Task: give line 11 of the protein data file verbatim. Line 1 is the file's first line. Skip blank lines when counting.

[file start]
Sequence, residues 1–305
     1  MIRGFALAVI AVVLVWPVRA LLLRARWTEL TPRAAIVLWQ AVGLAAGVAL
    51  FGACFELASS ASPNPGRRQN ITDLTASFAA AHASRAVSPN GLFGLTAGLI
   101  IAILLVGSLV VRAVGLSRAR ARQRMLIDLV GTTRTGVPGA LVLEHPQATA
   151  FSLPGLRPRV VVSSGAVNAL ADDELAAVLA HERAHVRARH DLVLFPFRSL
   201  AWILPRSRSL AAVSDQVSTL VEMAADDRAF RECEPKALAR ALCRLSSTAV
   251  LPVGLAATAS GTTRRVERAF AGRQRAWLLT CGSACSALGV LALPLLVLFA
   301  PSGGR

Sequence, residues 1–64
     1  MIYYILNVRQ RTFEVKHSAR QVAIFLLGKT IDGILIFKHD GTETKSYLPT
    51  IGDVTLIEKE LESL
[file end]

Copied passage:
    51  IGDVTLIEKE LESL